Wayfair recently deployed Steelhead WAN optimizers in our network.  We were unsatisfied with the 3 (2.5?) main suggested methods of deployment from Riverbed.  So we designed our own deployment.  But first, the vendor suggested methods:

Physical In-Path – Physically puts the device in-line with your traffic, easy deployment, but if you ever need to remove it you will lose connectivity (fail-to-wire still needs wire’s attached to work!).  You also lose the ability to dynamically fully remove the device from the traffic path for troubleshooting purposes.

Virtual In-Path – Logically directs traffic through the steelhead appliance, but depends on redirection mechanisms like WCCP, PBR, or Layer-4 switching/routing.  WCCP is proprietary, so right off the bat that’s out the window.  PBR is incredibly powerful, but not dynamic.  You can make it “dynamic” by utilizing “verify-availability,“ but this feature is not widely supported, particularly in the hardware we run in our branch offices, where this will be deployed. So that option is out as well.

Out-of-Path – This option is only supported for server-side Steelheads (in the datacenter) and requires the remote Steelheads to be in one of the aforementioned, already disqualified, configurations.

So with the predefined options not meeting the grade we set out to find another way.  Our goal was to have an easy physical deployment, with the flexibility to manually or dynamically completely remove the Steelhead from the traffic path, and to do this with the same deployment model company wide.  We ended up designed our own “Dynamic-Physical-In-Path” deployment (DPIP?).  We derived it off of the classic, albeit ugly, way of moving data between two distinct VRFs with a physical cable, we just extended that cable to include the Steelhead as well.  This allowed us to keep this design contained within the switch and the riverbed, which kept with our goal of a nice, compact and relatively simple deployment.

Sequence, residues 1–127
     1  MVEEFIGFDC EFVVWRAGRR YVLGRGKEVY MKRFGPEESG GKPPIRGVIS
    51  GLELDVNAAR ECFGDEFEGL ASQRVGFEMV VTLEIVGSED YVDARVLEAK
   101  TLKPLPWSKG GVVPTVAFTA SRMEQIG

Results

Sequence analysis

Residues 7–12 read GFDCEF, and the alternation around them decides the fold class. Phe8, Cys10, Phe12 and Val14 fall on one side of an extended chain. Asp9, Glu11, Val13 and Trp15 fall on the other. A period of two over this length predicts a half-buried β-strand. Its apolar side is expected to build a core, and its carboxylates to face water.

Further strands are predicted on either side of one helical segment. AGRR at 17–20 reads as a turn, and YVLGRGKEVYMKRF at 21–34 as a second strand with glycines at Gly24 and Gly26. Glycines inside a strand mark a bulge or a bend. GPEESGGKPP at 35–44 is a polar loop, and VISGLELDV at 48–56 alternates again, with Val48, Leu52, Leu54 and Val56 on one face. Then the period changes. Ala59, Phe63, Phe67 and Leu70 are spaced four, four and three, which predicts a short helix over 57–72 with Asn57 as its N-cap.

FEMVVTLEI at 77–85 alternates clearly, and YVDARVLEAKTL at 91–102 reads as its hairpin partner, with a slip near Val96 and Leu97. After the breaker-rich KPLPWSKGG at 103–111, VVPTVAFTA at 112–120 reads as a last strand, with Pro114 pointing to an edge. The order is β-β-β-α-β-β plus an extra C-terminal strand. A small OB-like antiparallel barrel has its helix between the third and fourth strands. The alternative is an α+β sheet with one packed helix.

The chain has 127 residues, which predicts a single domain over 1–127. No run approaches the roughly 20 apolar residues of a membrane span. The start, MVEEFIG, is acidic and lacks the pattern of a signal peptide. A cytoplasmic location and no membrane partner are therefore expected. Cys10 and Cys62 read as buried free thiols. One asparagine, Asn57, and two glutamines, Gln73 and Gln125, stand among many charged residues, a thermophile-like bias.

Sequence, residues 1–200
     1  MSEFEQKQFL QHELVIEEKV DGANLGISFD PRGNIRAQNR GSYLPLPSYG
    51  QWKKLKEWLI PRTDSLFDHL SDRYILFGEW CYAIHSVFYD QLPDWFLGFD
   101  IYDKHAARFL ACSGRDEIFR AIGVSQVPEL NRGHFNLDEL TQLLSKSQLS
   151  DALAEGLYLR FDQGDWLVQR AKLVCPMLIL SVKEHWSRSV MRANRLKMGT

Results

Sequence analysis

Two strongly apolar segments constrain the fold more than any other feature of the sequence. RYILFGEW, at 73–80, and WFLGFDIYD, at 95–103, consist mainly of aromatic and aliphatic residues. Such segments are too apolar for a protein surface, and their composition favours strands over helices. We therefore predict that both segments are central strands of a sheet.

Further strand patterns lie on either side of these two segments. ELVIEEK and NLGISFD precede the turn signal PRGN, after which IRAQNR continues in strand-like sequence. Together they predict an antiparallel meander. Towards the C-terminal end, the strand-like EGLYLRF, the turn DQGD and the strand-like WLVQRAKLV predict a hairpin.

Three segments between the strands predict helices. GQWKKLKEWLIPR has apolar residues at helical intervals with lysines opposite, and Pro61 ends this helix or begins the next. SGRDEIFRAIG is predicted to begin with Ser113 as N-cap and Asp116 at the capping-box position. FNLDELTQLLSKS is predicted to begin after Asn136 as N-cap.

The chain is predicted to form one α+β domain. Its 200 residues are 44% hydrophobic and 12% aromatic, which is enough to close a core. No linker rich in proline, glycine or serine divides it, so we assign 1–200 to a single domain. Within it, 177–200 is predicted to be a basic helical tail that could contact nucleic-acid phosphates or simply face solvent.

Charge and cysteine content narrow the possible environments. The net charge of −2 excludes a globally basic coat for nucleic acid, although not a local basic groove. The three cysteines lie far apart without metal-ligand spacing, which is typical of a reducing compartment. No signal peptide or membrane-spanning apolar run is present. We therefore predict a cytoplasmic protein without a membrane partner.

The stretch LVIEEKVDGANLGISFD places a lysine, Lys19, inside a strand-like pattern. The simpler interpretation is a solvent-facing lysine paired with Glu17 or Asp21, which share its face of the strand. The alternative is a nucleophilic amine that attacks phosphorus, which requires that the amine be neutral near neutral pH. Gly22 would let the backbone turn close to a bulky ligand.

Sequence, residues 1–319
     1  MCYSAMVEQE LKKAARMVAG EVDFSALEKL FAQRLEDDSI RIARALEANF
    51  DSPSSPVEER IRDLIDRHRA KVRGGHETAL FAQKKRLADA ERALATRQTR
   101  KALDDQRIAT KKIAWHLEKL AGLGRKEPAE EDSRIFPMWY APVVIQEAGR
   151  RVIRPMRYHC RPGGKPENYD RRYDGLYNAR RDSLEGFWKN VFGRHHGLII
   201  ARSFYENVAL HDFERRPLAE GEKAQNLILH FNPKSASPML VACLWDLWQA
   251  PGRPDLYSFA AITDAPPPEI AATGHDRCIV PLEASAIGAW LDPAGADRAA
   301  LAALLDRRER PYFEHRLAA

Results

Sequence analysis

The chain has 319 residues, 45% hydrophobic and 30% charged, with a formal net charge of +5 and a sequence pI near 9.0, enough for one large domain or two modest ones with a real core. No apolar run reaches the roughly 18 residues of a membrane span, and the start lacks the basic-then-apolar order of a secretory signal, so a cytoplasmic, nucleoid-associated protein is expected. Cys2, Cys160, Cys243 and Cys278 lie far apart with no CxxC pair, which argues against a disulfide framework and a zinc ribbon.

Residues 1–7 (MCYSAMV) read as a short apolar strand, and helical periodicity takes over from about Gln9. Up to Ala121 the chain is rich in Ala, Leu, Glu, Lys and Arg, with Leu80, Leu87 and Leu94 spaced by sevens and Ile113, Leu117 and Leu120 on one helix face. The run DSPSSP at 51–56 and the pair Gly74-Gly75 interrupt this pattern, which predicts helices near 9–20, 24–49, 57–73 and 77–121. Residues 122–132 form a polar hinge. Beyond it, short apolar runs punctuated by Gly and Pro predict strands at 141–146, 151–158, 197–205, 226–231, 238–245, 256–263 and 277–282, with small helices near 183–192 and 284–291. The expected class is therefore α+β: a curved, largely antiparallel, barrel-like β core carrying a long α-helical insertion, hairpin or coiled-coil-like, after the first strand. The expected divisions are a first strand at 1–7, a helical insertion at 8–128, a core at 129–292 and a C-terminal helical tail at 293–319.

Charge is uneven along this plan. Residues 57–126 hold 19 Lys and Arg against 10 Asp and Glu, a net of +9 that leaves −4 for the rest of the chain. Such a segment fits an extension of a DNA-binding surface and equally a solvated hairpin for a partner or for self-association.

Wayfair’s Dynamic-Physical-In-Path Deployment:

In our remote locations the hardware we’re running this off of is 3560’s with IOS 15.0(1)SE3 and the feature set “IP Services.”  In our datacenter we’re running this off of 4500X’s with IOS 3.3.0SG and the “Enterprise Services” license.  I normally wouldn’t bring up this level of minutia, but we ran into a number of issues that were IOS and model line specific.

3560 CSCtr94182 – ARP was not working correctly between two interfaces on the same switch, even if they were in separate VRFs, in 12.2(58)SE2 (but DID work in earlier versions!) to get around this we upgraded to IOS 15.0(1).  Version 15.0(1) was not without faults, as it has an issue with overlapping IP space between the implicit, default, “global” table and our VRF, so we had to explicitly create another VRF that takes the place of the default table.